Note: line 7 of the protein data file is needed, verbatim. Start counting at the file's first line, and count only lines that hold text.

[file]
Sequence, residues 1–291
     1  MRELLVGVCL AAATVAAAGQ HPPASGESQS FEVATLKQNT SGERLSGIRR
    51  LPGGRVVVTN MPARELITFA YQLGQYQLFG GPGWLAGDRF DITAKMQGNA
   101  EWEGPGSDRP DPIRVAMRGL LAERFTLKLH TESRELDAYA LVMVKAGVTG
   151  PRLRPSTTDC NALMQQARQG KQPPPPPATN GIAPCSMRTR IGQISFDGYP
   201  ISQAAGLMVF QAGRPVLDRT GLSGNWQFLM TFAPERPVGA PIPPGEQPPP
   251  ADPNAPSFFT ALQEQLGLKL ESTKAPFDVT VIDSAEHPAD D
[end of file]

   251  ADPNAPSFFT ALQEQLGLKL ESTKAPFDVT VIDSAEHPAD D